The Greene Murder Case
With reference to The Canary Murder Case (dir. Mal St. Clair).
“The murderer copied every detail of the crimes from these books, from actual criminal history, the experience of hundreds of criminals, plus the science of the world’s greatest criminologists.”
“Say, gimme a break, will ya? Who is it?”
Mordaunt Hall in his review wrote of “the superbly analytical mind of Philo Vance” (New York Times).
“Why, the old man-killing safe idea!”
West Rome, county seat, West Rome, U.S.A.
Hopelessly corrupt in all its works.
The building racket thrives with payoffs to the mayor and the police chief.
Not only does the film go back two thousand years for an imperial precedent, it passes steadily through the Marx Brothers and Bob Hope and Red Skelton and Danny Kaye to Woody Allen and Mel Brooks.
Eddie Cantor, the Goldwyn Girls, a great cast noted in the reviews.
Charlie McCarthy, Detective
He sings the title number sashayed around a nightclub floor by Bergen.
When police want to hook
A desperate crook
I drags ‘im in speedy but gentle.
“Yeah, but any similarity between the ones that I catch and the ones that they want—”
Is purely coincidentaaaaaaaaaaaaaaallllllllllllllllllllllllllllllll.
Because the press baron in league with the mob has a reporter framed to quash the story. Another county is heard from.
IIIIIIII’m Mortimer Snerd, Defective,
The worst in the world it’s a lie,
Never heard of me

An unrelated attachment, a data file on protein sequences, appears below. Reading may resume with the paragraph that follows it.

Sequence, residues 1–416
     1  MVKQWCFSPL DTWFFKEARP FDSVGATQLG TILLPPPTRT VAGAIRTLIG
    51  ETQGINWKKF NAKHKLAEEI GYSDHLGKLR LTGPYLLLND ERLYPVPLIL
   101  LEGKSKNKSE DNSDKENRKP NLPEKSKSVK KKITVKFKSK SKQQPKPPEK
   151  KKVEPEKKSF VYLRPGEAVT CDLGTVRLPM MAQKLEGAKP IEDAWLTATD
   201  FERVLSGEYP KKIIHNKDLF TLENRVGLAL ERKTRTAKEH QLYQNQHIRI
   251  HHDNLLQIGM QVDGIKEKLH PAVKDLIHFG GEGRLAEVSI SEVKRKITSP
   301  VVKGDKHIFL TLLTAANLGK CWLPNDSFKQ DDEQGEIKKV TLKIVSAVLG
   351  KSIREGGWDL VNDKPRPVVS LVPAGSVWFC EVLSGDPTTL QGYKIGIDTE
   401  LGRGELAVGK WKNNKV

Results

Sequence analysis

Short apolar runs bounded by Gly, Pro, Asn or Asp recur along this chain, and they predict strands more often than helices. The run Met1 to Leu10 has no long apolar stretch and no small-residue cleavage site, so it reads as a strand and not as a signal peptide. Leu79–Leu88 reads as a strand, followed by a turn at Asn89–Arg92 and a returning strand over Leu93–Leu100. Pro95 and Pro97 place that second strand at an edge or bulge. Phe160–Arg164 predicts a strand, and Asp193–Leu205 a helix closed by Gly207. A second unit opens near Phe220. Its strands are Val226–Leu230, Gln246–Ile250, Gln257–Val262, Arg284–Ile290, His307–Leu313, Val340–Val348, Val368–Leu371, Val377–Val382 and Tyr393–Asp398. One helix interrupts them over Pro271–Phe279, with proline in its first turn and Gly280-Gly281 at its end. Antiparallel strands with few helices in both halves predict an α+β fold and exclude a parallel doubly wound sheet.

‘Cause I’ve never...
“Hand me that flower bowl.”
A ruling from the bench proves nothing but the bigger they are, the easier they stick to the pavement with chewing gum.
Frank S. Nugent of the New York Times is a case in point, “nondescript... slapstick foolery... very hard to take.” TV Guide, “it’s good for laughs.” As our detective says, “I love the rich, they’re so polite to the poor.”
Bergen the “corner sewer” of modern art. “As a matter of fact, it’s a very fine example of Surrealism.”
“Surreally! Hm, hm, hm, hm, hm!”
Halliwell’s Film Guide, “slightly tiresome” (citing Variety, “will have to struggle”).
Business matters are so inscrutable, the truth so very hard to discern.
It’s true that you were just pretending,
But, darling, how was I to know?
Cf. Preminger’s Margin for Error a few years later.
“Boy, there’s one dame you can really see through!”
“Well, that was the artist’s intention.”
This Gun For Hire
In all the decades since this film was made, it seems altogether likely that not one critic has ever pointed out the title’s significance as describing not only the unruffled hit man Raven but the company he works for, unknowingly, Nitro Chemical Corporation, which sells its poison gas formula to the highest bidder and thus provides, in Ellen Graham’s memorable phrase, “Japanese breakfast food for America.”
This is the sense in which the film is to be understood, and a great Graham Greene parable it is. Veronica Lake is a magician who makes balls appear in her fingers out of thin air, and fish in a dry aquarium. Sen. Burnett gets her to work for the government. “No mystery about me,” he says, “just a hick lawyer the voters got stuck with.” She and her beau, a San Francisco police detective named Crane, just want to get married, but there’s a little matter in Los Angeles she’s not at liberty to discuss.
Willard Gates, a Nitro executive, owns the Neptune Club and has a sideline in “leg shows”. He hires her at the Fletcher Theatrical Agency in San Francisco, she takes the seven p.m. Southern Pacific alongside Raven (Gates has a sleeping compartment). Raven has been set up with an ingenious plan. He kills a chemist on orders from Gates (whom he knows as Mr. Johnson) to stop blackmail against the company, and is paid in money supposedly robbed from the supposedly beaten paymaster by none other than himself. The police are after him, he’s after Gates, he and the girl are both after Gates’ employer.